Heavy rain on Wednesday halted the search for 30 people believed to be trapped under a landslide that engulfed an unauthorised gold mine on Indonesia’s Sulawesi island over the weekend, killing at least 23 people.

More than 100 people were digging for grains of gold in the remote village of Bone Bolango in Gorontalo province on Sunday when tons of mud plunged down the surrounding hills and buried their makeshift camps.

The search was suspended on Wednesday afternoon because of heavy rain, said Heriyanto, head of the provincial search and rescue office. Rescuers have not yet been able to locate the missing people, he added.

Rescuers search for victims at the site of a landslide in Suwawa on Sulawesi Island, Indonesia (BASARNAS/AP)

The National Search and Rescue Agency said on Wednesday that 92 villagers managed to escape from the landslide. Several of them were pulled out by rescuers, including 18 with injuries.

It added that 23 bodies have been recovered, including that of a four-year-old boy, while 30 people are still missing.

More than 1,000 personnel, including army troops, have now been deployed in the search, said Edy Prakoso, the agency’s operations director.

He said the Indonesian air force would send a helicopter to speed up the rescue operation, which has been hampered by heavy rain, unstable soil and rugged terrain.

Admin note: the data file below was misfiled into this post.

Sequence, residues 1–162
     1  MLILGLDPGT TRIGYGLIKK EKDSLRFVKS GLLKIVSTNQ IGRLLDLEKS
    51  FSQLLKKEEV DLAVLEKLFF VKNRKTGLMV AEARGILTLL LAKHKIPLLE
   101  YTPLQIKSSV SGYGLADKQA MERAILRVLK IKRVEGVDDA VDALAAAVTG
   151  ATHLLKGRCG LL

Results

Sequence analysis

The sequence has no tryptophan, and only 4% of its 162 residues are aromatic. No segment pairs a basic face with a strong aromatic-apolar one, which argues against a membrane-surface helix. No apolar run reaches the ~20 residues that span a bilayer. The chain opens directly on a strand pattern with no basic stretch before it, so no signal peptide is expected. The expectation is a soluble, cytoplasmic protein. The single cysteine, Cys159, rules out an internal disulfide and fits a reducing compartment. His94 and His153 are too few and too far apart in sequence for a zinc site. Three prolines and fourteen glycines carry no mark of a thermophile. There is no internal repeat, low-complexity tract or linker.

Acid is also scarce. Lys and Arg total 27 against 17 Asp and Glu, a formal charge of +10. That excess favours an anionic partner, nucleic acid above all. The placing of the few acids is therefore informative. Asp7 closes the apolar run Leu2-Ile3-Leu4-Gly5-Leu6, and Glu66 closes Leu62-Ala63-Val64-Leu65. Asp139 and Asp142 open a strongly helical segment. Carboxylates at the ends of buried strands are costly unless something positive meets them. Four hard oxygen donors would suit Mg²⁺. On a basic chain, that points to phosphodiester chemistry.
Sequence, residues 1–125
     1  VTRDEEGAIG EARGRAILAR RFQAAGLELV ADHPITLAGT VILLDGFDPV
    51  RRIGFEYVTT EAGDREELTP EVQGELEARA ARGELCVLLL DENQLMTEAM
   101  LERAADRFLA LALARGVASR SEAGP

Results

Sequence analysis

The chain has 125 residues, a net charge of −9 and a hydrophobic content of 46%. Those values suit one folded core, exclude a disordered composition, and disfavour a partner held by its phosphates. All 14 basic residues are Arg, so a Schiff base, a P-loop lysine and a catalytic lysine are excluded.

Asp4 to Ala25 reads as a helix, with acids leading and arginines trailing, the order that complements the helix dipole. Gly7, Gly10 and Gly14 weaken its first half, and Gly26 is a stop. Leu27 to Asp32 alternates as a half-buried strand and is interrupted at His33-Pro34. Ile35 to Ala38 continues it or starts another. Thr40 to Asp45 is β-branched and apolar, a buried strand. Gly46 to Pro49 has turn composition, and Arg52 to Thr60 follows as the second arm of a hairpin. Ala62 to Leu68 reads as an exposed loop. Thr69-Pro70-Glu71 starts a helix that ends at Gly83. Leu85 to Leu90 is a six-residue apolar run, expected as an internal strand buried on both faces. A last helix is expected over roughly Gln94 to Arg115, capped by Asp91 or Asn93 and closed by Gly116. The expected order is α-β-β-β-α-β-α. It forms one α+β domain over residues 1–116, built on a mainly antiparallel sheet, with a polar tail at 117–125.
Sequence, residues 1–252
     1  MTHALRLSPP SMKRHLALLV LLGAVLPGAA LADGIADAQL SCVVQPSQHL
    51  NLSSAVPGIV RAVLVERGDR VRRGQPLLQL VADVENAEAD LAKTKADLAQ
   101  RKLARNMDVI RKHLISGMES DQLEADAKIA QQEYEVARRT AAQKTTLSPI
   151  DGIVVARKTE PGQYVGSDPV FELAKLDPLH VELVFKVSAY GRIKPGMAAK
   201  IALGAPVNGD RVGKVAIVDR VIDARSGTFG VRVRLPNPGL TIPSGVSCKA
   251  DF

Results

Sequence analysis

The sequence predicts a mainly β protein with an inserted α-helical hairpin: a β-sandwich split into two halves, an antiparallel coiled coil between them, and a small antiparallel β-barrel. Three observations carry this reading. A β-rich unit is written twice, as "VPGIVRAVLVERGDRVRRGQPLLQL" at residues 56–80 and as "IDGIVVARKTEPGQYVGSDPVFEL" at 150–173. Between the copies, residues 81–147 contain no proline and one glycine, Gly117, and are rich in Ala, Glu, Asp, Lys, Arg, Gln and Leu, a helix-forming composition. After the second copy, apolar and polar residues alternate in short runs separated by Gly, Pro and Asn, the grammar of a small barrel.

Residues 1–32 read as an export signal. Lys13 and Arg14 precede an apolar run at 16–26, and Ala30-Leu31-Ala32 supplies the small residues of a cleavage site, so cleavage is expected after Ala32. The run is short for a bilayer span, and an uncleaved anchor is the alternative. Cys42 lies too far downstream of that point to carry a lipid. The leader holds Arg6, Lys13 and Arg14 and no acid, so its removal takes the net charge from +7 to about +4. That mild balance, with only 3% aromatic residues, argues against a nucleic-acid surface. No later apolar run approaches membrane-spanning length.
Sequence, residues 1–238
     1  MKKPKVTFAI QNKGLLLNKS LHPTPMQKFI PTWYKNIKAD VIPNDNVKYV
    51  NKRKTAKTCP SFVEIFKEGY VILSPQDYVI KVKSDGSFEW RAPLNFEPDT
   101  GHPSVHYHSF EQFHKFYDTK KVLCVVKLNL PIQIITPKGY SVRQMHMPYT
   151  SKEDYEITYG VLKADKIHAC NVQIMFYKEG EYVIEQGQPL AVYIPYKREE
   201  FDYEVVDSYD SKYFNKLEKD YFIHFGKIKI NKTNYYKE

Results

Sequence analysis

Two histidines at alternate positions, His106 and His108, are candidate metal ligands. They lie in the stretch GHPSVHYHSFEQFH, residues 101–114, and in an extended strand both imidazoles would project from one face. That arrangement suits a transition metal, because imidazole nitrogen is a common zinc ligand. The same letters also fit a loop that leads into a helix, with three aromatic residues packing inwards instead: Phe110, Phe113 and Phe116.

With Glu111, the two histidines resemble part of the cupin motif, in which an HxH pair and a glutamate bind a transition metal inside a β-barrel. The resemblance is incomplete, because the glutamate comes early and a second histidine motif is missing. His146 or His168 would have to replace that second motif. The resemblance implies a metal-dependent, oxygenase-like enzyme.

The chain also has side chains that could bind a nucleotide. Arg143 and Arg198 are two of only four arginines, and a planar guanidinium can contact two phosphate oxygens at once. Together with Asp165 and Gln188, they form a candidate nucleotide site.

An Indonesian National Search and Rescue Agency worker tends to an injured victim of the landslide in Suwawa on Sulawesi island (BASARNAS/AP)

Photos released by the agency showed an excavator removing tons of mud and rocks that were blocking access to the site.

Informal mining operations are common in Indonesia, providing a tenuous livelihood for thousands labouring in conditions that pose a high risk of serious injury or death.

Landslides, flooding and collapses of tunnels are just some of the hazards facing miners. Much of gold ore processing involves highly toxic mercury and cyanide, with workers frequently using little or no protection.

The country’s last major mining-related accident was in April 2022, when a landslide crashed on to an illegal gold mine in North Sumatra’s Mandailing Natal district, killing 12 women who were looking for gold.

Environmental activists have campaigned for years to shut down such operations across the country, especially on Sulawesi, where the practice has grown. Sunday’s landslide reignited their calls.

“The local government which has allowed illegal gold mining activities in this area to continue has contributed to the deadly disaster,” said Muhammad Jamil, who heads the legal division of the Mining Advocacy Network, an environment watchdog.

He said many people share the blame for illegal gold mining, from those working on the ground up to officials in the local council and the police.

“This mafia network appears to have helped shield the miners from law enforcement, even as they tear up protected forests,” said Mr Jamil. “When natural resources such as rivers, forests, land and the sea are damaged, it will be a complete loss to the country’s economy.”

Ferdy Hasiman, a mining and energy researcher at Alpha Research and Datacentre, said the proliferation of pit mines has long been blamed for environmental damage in upstream areas that has in turn exacerbated flooding and landslides downstream.

“Flash floods and landslides would persist if illegal mining and the deforestation in the practice continue,” he said. “We call on the local and central government to expand their efforts to shut down illegal gold mining across the country.”